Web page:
LP, Green Bay, WI


Story #3 – Did you REALLY put them on HOLD?

A few years ago I bought my son a mountain bike from a sporting goods store. About a month later one of the bicycle’s cables broke. Since it was so recently purchased I called the store to inquire about their repair policy. I reached the bicycle department and explained the problem to a young man. He asked me to wait a moment while he checked with the service guy. Then he put me on hold – or at least thought he did.

Suddenly I heard him saying, “Yeah, I got some wingnut on the phone. Her kid trashed his bike and now she wants a free one.”

At this point I interrupted saying, “Excuse me, this is the customer. You know, the wingnut. I didn’t ask for a free bike. Now put me through to your manager.”

Needless to say, we got our problem fixed!

RR, Chicagwagee, NY


Story #4 – “Down Under” Gets Upset Too! It’s EVERYWHERE!

When I called about the seminar for which I had registered to be held in Melbourne, I was advised by a customer service person that the seminar had been cancelled. I told her that I had never been informed. She said that letters had been sent about the cancellation and that I should be receiving a refund check soon.

I indicated that I was not reassured and was put through to a person who was in charge of contacting registrants. I spoke with her and told her that if I hadn’t called, my manager and I would have turned up on Wednesday in Melbourne on nonrefundable flight tickets to attend a seminar that had been cancelled.

She said the letters had been sent out and that it was probably in my office some place. I suggested that phone calls should have been made to all pre-registrants. I was told that this was usually the case, but did not happen in this case. It was not her fault.

This was not the sympathetic response I had expected. As a customer, I really don’t care whose fault it was. I just want an apology and a reassurance that this was not going to happen again or for someone to have the empowerment to say, “I will offer you a discount on the next seminar you book with us” or something to that effect.

PA, Sydney, Australia


Story #5 – Hard to Believe, but somehow I do.

I was in an upscale department store and walked into an area. The salesperson asked if she could help me and I said, “No thanks, I’m just looking.”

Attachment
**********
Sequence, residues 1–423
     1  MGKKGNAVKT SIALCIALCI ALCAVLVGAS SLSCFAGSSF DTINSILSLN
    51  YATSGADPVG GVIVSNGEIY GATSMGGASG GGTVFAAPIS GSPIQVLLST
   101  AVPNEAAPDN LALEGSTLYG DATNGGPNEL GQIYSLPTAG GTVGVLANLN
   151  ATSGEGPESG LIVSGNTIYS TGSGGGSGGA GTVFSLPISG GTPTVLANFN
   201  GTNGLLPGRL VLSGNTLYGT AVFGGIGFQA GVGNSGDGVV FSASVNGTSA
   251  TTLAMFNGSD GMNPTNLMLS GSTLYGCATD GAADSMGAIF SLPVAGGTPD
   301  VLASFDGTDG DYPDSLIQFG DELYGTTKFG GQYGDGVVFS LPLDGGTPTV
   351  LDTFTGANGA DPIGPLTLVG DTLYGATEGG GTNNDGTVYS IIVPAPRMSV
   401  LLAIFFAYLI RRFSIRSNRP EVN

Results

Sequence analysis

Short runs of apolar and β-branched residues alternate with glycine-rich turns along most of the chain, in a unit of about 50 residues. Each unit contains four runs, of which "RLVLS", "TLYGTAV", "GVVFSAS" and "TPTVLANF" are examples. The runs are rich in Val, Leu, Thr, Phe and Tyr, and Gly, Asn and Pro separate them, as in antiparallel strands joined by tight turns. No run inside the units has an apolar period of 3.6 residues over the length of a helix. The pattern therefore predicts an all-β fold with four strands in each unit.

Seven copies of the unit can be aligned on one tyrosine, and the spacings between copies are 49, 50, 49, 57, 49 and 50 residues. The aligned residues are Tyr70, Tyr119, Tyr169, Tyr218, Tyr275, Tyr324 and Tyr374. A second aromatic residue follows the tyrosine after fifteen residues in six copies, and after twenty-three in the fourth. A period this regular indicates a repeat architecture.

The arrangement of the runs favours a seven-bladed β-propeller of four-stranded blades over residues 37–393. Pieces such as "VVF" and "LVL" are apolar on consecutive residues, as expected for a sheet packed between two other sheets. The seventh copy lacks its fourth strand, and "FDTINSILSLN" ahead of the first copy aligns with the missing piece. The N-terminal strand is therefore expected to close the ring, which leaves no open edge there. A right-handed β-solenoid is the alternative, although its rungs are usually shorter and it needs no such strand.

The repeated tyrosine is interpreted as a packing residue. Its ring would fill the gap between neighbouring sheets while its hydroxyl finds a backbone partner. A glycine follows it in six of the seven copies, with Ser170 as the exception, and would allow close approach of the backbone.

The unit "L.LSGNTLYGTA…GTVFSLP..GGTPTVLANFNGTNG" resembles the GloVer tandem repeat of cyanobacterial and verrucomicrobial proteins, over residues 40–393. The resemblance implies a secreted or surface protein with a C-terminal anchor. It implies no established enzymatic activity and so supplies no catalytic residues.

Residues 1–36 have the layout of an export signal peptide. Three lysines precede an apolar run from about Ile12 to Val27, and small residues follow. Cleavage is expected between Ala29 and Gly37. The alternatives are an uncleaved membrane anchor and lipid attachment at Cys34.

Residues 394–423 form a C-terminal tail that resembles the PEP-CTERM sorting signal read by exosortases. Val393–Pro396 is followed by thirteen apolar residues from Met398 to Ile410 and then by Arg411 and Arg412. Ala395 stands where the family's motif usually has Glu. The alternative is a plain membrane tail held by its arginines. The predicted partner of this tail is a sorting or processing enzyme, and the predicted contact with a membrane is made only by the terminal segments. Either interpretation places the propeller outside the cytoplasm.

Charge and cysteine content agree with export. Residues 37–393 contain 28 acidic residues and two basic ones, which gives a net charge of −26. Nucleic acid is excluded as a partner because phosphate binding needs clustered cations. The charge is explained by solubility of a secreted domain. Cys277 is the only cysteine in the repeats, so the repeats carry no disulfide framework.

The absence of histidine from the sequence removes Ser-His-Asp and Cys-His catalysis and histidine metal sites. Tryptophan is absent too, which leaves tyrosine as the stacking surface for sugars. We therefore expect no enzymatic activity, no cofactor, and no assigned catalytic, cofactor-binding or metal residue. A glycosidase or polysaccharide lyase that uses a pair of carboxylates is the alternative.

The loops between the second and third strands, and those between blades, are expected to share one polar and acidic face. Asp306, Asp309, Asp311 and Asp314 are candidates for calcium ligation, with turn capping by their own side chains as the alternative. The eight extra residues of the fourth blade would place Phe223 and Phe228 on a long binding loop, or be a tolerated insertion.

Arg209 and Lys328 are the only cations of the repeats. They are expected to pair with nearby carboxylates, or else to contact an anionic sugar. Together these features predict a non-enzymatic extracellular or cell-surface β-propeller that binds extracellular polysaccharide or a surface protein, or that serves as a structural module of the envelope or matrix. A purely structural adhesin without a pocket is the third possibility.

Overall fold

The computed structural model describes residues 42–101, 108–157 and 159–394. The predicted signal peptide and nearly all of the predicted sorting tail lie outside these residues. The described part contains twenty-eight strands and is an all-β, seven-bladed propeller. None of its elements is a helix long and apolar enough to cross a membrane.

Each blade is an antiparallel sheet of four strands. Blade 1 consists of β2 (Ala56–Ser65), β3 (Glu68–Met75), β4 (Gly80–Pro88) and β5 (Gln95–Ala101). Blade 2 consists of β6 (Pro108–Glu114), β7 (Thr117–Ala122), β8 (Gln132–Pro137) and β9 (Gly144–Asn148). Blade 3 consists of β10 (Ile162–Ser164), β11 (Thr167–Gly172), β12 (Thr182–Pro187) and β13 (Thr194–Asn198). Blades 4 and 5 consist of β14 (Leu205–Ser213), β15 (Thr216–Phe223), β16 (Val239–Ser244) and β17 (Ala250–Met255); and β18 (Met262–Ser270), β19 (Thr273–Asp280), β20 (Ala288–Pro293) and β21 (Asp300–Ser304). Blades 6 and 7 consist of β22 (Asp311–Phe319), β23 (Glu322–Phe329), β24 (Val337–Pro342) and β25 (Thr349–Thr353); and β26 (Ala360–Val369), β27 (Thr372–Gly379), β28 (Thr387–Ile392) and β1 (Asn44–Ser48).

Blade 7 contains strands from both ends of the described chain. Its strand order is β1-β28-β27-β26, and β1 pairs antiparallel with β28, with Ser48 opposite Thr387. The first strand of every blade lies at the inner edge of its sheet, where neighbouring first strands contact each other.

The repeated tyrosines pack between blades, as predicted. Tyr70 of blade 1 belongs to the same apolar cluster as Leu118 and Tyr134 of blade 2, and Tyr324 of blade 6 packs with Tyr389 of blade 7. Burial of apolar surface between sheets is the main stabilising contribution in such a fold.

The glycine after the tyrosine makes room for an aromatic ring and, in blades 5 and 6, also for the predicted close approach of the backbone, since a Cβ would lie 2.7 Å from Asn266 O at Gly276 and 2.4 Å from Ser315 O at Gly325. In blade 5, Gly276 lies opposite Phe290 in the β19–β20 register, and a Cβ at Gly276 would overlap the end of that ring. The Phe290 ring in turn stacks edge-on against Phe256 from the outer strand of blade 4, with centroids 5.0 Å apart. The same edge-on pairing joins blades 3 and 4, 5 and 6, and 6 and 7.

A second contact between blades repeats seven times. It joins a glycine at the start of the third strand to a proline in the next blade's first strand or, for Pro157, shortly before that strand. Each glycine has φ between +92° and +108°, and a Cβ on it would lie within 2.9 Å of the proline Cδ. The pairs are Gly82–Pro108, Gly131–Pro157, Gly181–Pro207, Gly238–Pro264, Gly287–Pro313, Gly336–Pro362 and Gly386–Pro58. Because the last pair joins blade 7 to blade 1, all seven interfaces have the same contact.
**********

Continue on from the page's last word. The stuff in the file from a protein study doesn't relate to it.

A few minutes later I found something I wanted. The salesperson and I were the only ones in the department, so I walked back over to her and told her I wanted to buy the item I selected. She turned and told me that I had just said I was only looking. And then she walked away!

AA, St. Louis, MO


Bad customer service stories! We all have them. And we all love to VENT about them to anyone who might listen. Anywhere! About the experience at the doctor’s offices, lawyer’s offices, small business down the street, large companies – doesn’t matter – WE TALK.

It’s not easy to have a great customer service rating, but it is easy to follow the golden rule. Be kind. Be nice. And well, you know. And YES, I have a book of the GOOD stories too. That’s coming!

Nancy Friedman

Nancy Friedman

Communication and customer service expert Nancy Friedman, The Telephone Doctor, founder and chairman of Telephone Doctor Customer Service Training, is back in the saddle again. Well, back into live onsite programs, and still offering her ZOOM programs, in a cost saving manner. Whichever you choose, onsite or Zoom, you’ll be glad you did. The reviews are excellent, and audiences have loudly applauded her in either area. Sales, customer service and communication skills are her area of expertise, and she welcomes calls, texts, or emails. You can reach her directly at; through the website at, where you can sign up for her newsletters; or call/text directly at 314-276-1012 central time. Bring it on. Whether you need a keynote speaker or workshop/breakout speaker on customer service and communication skills, you’ll make a great choice.